1Position a rack in the center of the oven and preheat the oven to 350°F.
2Place the turkey breast on a work surface, with the smaller pointed ends running vertically. Holding a thin sharp knife at a 45-degree angle, make a deep incision into the thickest part of the meat, making sure not to go all the way through the turkey meat. Open up this ap of meat like a book. Make a couple of other incisions in other thick areas of the turkey meat and open the aps to widen the surface of the turkey to about 12 inches across. Season the turkey all over with the salt and pepper, placing the smoother side down. Sprinkle the turkey with the rosemary, sage, and thyme. Starting at a long side, roll up the turkey.
3Shingle the pancetta slices on a piece of waxed or parchment paper so they form a 10-inch square. Place the rolled up turkey, seam side down, in the center of the pancetta square. Using the waxed paper as an aid, bring up the paper with the pancetta to wrap the turkey. Using kitchen twine, tie the pancetta onto the turkey.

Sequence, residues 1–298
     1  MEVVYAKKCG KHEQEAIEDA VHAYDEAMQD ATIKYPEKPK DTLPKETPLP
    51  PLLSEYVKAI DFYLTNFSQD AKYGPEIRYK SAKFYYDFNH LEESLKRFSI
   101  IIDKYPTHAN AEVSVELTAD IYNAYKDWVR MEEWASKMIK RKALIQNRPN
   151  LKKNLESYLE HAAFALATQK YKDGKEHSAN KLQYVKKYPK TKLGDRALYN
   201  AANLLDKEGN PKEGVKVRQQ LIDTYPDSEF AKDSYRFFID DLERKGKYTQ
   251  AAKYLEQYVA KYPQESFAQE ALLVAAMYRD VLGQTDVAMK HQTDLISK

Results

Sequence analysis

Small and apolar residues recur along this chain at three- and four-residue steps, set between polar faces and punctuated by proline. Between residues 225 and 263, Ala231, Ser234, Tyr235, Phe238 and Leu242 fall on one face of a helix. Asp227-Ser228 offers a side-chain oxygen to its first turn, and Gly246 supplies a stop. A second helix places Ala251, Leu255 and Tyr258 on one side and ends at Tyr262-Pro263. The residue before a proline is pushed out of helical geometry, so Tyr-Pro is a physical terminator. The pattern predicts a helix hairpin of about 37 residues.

4Heat the oil in a large ovenproof skillet over medium heat. Add the turkey roll and cook, turn- ing occasionally, until the pancetta is translucent and partially cooked all over, but not browned, about 5 minutes.
5Transfer the skillet with the turkey to the oven. Bake, turning occasionally, until an instant-read thermometer inserted into the center of the roll reads 160°F and the pancetta is browned, about 50 minutes. Remove from the oven. Transfer the roll to a platter and let stand for about 5 minutes.
6Meanwhile, pour any fat out of the skillet. Heat the skillet over medium-high heat until the juices are sizzling. Add the wine and bring to a boil, scraping up the browned bits in the skillet with a wooden spoon. Cook until reduced by half, about 3 minutes. Remove the skillet from the heat.
7Cut and remove the kitchen twine. Using a thin sharp knife, cut the roll crosswise into 1∕2-inch slices, and fan the slices on the platter. Pour the skillet sauce all over the turkey and serve.
NOTE the pancetta should be sliced about as thick as American bacon, not paper-thin like prosciutto.